When I still lived at home with my parents I went to see my grandparents often. After I moved away from my hometown I made it a point to call my grandparents at least weekly.
This was when long-distance phone calls could cost as much as a few dollars a minute.
I never thought much about it until one day one of my grandmothers abruptly said something during one of our conversations that caught me completely off guard.
“You know you’re the only grandchild who regularly calls to check on me, don’t you?” she said.
“No, ma’am, I didn’t know that,” I responded.
It made me feel both terrible and sad. Because I knew that my other relatives loved her as much as I did. I knew that they had their own lives and that the time requirements of raising children and handling honey-do lists was time consuming.
I had all of those myself. But I checked on my grandparents to make sure they were OK, didn’t need anything and knew I was there for them as they had always been there for me.
The column you’re reading now appears in multiple newspapers and other publications. I get a lot correspondence from readers in the form of emails and letters.
Recently, I wrote a column about the price of losing a pet. It generated a lot of responses. But one in particular led to the topic of today’s column. I’d like to share part of what I received from a lady who read the pet column and sent me an email with the following. I’m omitting her name and location.
“I’m a pet owner, a Scottie, and I’ve gone thru several losses in my lifetime. I’m 75. It’s really devastating to lose your pet, esp. when they’re your companion as mine is to me since I live alone. Sometimes I can rely on my pet rather than another person. Us elderly have comfort in their pets since family members don’t visit very much. People don’t realize we enjoy visits. Sometime we feel pushed aside so we rely on our pets. I’m a member of the “Scottie Rocks” on Facebook. I keep in touch with my fellow Scottie family members. Also we send our condolences to the fellow members who lose their pets. They go to the Rainbow Bridge. You are so good to put the article out, thanks.”
I almost cried when I read this.
“Sometimes we feel pushed aside so we rely on our pets.”
Read that sentence two or three times to yourself.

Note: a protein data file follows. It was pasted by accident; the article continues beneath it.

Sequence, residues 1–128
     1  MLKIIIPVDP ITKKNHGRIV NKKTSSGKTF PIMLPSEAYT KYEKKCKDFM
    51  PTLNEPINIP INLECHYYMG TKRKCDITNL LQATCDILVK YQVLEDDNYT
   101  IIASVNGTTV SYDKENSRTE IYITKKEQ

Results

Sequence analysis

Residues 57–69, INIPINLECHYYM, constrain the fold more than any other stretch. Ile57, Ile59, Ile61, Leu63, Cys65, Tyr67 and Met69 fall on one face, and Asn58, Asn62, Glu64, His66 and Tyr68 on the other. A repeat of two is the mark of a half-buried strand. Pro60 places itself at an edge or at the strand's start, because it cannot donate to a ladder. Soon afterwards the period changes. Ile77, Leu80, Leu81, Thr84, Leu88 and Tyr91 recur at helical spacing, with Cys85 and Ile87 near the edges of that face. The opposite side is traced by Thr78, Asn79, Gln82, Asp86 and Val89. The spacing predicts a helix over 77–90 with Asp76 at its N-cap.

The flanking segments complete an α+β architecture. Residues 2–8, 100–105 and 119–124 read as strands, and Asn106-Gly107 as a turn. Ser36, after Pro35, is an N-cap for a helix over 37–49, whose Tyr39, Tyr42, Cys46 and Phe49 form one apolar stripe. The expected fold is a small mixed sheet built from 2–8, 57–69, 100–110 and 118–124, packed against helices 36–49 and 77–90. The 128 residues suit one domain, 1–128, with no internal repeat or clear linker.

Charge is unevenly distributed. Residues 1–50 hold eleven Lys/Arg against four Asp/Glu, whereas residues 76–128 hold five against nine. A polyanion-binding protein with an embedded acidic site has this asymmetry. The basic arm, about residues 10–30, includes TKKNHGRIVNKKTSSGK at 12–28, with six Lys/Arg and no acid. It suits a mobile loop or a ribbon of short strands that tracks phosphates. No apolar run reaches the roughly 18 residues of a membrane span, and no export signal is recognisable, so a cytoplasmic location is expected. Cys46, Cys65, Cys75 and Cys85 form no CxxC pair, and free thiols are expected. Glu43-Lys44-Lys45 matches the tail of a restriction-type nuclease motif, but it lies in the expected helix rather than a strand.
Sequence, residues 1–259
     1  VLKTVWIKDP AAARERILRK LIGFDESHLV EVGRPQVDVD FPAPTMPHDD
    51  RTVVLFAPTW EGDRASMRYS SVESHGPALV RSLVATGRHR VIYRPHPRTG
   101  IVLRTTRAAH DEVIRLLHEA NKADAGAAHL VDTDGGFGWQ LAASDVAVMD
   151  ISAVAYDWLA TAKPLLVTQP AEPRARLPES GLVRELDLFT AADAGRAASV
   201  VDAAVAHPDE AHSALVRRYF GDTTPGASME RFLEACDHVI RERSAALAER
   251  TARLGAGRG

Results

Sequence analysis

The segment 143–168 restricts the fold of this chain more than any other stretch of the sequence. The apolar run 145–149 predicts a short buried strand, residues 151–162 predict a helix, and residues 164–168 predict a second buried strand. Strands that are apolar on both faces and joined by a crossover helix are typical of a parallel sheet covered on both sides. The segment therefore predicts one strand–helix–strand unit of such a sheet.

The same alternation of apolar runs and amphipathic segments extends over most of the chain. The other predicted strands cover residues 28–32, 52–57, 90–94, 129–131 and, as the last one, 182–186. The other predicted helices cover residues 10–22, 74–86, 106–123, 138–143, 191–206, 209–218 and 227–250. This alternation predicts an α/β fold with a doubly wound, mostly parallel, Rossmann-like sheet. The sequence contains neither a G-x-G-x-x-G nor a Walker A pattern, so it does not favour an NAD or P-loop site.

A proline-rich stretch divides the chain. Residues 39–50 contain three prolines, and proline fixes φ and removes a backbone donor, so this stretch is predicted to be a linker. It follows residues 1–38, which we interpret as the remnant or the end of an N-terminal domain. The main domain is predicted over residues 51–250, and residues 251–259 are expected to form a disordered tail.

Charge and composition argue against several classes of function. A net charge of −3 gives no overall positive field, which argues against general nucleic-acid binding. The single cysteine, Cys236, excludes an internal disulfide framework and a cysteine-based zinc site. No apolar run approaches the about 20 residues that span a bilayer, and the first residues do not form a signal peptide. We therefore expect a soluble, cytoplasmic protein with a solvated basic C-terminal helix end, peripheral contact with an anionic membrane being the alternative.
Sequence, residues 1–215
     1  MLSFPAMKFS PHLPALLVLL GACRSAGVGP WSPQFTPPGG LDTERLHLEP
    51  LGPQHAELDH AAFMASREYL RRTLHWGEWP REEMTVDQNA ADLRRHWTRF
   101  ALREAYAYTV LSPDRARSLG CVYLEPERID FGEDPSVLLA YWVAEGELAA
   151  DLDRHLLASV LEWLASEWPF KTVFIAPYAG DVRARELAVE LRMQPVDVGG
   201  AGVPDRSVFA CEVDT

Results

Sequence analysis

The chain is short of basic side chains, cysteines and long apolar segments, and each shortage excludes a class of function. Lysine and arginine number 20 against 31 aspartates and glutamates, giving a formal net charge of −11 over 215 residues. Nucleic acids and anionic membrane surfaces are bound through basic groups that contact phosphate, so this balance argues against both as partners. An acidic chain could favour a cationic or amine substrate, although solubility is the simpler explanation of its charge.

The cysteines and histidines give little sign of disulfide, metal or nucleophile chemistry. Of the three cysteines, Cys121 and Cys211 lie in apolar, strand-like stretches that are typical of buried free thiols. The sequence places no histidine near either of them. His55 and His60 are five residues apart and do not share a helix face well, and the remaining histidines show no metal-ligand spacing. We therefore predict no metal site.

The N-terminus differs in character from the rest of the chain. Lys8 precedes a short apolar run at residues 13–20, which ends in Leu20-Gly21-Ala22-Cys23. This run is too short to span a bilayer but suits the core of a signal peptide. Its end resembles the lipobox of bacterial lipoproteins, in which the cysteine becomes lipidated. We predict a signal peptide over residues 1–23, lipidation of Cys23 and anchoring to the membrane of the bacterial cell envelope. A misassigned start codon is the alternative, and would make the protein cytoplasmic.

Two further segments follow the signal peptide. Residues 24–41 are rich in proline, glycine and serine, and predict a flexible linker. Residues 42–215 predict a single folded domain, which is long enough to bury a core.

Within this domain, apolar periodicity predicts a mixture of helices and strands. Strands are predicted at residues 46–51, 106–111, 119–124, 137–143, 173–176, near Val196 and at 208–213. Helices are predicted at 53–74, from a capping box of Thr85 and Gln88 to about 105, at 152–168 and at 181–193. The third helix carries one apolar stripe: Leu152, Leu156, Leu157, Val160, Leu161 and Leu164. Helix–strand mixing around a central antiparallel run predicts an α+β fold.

Folks, as a society, we are failing the very people who made us who we are today — the elderly.
There is a cycle to our lives. We go to school, enter the workforce, raise families and retire.
But retirement shouldn’t mean being put out to pasture.
I watch people walking around with their heads buried in their cellphones. If they took 20 minutes of that time to use that same phone to call and check on an elderly member of their family, an older member of their church or, better yet, get in the car and drive by for a cup of coffee at their home, what a difference we would make.
I’ve read many times that the elderly have a high rate of depression. No wonder. It’s partially our fault. Once they’ve done for us what we needed, we go on with our lives and pay little attention to them or their needs.
Sure, we may see them at Thanksgiving or bring them something for Christmas, but often we put little thought into the gift and it’s something they either don’t need or can’t use.
What they need and want is you and me.
It broke my heart to read what that lady had written about relying on a Facebook page for human connection. Not that there’s anything wrong with being in that group. I can see how that is a good thing.
But she was quite clear that she felt tossed aside by those for whom she cares most.
Life is but a blip on the timeline of all existence. We may think that what we’re in the midst of doing at any given moment is the most important thing. But, what should matter to all of us, and be given a high priority, are the individuals who love us and made sure we got to where we are today.
We should be overwhelming the elderly with calls and visits and helping them with chores — just for starters.
Because one day, God willing, you’ll be elderly, too.
John’s book, “Write of Passage: A Southerner’s View of Then and Now,” and his new book, “Write of Passage Volume II,” are available on Amazon and on John’s website at www.TheCountryWriter.com .